Moscow accuses “some quarters” in London of a cloak-and-dagger “PR stunt”

Katia Zatuliveter during her school years

Katia Zatuliveter during her school years

The Russian Embassy in the UK believes the scandal involving the arrest of Russian citizen Yekaterina Zatuliveter, who is accused of spying, might have been fanned by “some quarters” in London that are unhappy about the recent thaw in relations with Moscow. The embassy is calling press reports were a “PR stunt” designed to distract the British public’s attention from more relevant problems. The Foreign Office never alerted Russian diplomats of Zatuliveter’s alleged intelligence ties, but if the Russian is deported for espionage, some British officials will have to leave Moscow.

Alexander Sternik, Russia’s Charge d’Affaires in the UK, has criticized the behavior of British officials and journalists in the case of Zatuliveter.

An arranged “PR Stunt”

Sternik said the scandal involving Zatuliveter’s arrest was arranged on purpose to undermine the improvement in relations between Moscow and London. Asked if he thought British officials were behind the scandal, he said: “I sincerely hope that this is a spontaneous, sporadic and non-orchestrated campaign against Russia because it goes against the current of improving Russian-British relations. I simply do not see how anybody could be interested in spoiling these positive trends in such an obvious and idiotic manner.”

According to Sternik, it is very conspicuous that as soon as something positive begins to develop in the Russian-British relationship, these sorts of scandals break out. “That’s a fact of life,” the diplomat concluded. He also added that although “some quarters” want to undermine improving relations between the two countries, he is confident that this is being done despite, and not because of, the policy of the British Government.

The charge d’affaires expressed hope that the Zatuliveter scandal would not damage the improvement in bilateral relations, including a planned visit by British Prime Minister David Cameron to Moscow in 2011.

Sternik pointed out that “spy scares” appear on a regular basis in the British press and were usually “PR stunts” to make sure that attention is not focused on “more acute and tangible problems,” such as the WikiLeaks disclosures and England’s failed bid to host the 2018 World Cup.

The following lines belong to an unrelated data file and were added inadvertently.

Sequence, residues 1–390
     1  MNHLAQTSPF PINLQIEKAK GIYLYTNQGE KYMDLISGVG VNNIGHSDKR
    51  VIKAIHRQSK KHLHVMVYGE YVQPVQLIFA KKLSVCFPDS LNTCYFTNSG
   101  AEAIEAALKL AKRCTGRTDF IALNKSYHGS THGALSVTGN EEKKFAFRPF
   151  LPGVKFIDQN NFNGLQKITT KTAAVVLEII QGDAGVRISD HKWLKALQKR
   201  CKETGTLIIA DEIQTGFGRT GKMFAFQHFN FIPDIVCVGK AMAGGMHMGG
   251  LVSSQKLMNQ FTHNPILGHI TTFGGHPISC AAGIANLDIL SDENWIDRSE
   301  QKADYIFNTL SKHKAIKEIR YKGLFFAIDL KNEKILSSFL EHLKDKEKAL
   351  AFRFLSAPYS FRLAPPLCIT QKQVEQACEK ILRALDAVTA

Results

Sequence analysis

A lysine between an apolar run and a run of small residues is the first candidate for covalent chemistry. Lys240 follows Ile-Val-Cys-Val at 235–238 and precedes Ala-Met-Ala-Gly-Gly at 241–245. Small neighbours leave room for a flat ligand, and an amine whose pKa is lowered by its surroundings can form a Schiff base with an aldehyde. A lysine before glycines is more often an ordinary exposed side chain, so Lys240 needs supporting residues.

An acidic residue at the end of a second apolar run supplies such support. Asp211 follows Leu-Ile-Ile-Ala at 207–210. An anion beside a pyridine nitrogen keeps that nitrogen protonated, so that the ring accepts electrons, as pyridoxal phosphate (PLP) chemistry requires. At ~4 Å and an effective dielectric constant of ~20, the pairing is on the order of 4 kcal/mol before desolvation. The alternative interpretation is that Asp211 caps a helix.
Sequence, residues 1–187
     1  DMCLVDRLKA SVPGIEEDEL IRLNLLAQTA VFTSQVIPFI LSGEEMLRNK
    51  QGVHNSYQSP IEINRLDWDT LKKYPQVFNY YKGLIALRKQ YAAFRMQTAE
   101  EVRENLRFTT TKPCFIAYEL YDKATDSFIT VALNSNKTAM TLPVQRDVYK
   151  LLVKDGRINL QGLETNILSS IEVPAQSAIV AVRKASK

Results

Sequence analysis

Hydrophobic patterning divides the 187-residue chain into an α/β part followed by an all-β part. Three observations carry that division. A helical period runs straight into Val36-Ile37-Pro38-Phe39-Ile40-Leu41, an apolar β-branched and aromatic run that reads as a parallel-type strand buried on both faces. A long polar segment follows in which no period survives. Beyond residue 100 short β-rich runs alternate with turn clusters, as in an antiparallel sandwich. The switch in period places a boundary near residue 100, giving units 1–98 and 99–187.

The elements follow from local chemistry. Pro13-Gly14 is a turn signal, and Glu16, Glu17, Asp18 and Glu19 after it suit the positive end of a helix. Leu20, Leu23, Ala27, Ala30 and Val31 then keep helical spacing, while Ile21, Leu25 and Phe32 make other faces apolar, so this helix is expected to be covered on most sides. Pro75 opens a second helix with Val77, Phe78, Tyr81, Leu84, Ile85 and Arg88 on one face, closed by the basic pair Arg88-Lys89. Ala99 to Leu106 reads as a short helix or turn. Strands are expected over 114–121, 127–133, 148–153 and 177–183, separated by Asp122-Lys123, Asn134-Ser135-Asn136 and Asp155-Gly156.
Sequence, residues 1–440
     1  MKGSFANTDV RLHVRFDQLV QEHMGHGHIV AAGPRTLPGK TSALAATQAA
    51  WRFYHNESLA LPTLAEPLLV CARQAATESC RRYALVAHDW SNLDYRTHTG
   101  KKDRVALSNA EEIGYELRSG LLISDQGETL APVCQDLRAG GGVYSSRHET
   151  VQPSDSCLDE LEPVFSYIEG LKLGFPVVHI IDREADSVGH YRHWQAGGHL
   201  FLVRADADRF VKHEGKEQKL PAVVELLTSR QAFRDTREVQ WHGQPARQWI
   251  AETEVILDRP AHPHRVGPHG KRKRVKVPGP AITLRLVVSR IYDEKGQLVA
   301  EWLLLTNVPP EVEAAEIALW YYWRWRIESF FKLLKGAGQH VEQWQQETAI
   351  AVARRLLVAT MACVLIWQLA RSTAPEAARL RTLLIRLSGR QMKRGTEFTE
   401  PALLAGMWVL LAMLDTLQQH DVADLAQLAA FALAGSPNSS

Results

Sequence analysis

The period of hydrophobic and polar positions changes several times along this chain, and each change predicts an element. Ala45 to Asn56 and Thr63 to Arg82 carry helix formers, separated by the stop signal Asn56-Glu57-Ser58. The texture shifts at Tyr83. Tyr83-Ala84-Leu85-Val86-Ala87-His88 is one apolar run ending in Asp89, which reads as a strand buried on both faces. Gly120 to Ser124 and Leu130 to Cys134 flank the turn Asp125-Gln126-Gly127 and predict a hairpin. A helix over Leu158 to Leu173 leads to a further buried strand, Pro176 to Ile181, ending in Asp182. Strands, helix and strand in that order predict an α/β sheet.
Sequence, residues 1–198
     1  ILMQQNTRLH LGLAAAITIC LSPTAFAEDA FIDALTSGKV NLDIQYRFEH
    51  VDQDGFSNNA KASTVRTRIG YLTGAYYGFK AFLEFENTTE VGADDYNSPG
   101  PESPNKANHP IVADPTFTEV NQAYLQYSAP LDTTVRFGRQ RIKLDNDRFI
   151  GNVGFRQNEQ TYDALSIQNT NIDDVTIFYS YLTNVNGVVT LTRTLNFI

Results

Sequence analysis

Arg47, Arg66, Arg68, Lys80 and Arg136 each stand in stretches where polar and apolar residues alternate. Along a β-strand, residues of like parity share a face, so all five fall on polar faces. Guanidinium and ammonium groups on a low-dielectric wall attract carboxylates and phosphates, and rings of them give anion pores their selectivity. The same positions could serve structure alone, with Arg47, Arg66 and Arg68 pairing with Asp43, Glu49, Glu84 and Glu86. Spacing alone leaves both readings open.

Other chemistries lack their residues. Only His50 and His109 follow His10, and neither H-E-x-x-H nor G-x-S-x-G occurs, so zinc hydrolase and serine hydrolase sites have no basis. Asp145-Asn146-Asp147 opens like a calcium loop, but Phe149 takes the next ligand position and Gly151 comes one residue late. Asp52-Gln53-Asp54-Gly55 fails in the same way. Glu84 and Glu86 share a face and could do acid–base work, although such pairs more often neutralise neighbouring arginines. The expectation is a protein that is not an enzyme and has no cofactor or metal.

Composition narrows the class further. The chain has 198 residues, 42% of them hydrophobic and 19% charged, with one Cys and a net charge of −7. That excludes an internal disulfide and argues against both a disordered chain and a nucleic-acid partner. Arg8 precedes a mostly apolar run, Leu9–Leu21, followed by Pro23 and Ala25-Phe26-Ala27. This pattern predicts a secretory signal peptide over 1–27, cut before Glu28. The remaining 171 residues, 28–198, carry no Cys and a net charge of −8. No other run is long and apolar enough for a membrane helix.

Foreign Office’s “passiveness”

Sternik was critical of the Foreign Office’s failure to alert the embassy about Zatuliveter’s arrest; consular officials found out about it from the mass media. “We have a bilateral consular convention that specifically says that the sides must immediately notify each other should arrest or detention of their citizens take place. We have been very disappointed with the passiveness that was shown in this respect,” Sternik said.

He added that Russian diplomats have still not been allowed access to Zatuliveter, who is being held at an immigration center, The Daily Telegraph reported. Sternik said he had contacted Zatuliveter by e-mail and would visit along with a doctor as soon as the British Government allows. He believes Zatuliveter might have suffered a serious psychological trauma because of the scandal, and the embassy wants to make sure that “her psychological and physical condition is stable.”

No spying allegations

The Foreign Office eventually told the embassy that Zatuliveter had been detained under immigration law and has not mentioned any spying allegations, he said. “That of course remains a striking contrast with what the press is saying about the reasons for her detention. We have not received, although we insisted on this, any clarification as to the motives and the reasons that she was detained,” said Sternik.

Asked if Zatuliveter had done anything that could be construed as spying, Sternik said: “What we know is she is a legal resident in the UK with a valid visa.”

Sternik pointed out that some British officials might be shown the door from Russia if Zatuliveter is deported on espionage charges.

The scandal

Zatuliveter worked as an assistant to Liberal Democrat MP and PACE member Mike Hancock. She had been under MI5 surveillance for the past five months on suspicions she was passing information to Russian intelligence. A series of questions about British national security and defense have emanated from the office of Mr Hancock over the past few weeks, including the nuclear arsenal composition, overseas naval bases, and the Trident nuclear submarines.

Zatuliveter denies all of the charges and said she would fight her deportation. Hancock also said he had no reason to believe she did anything wrong, saying that she had been vetted by security services before being admitted to work in Parliament. After the Zatuliveter scandal broke out, however, it was reported than Hancock had several more Russian female assistants at the Council of Europe. Colleagues of the MP, known for his pro-Moscow views, say he simply has a soft spot for attractive young women from Eastern Europe. Alexander Sternik said on the other hand that Mike Hancock was a parliamentarian who “showed a balanced and objective approach to modern Russia and its foreign policy.”

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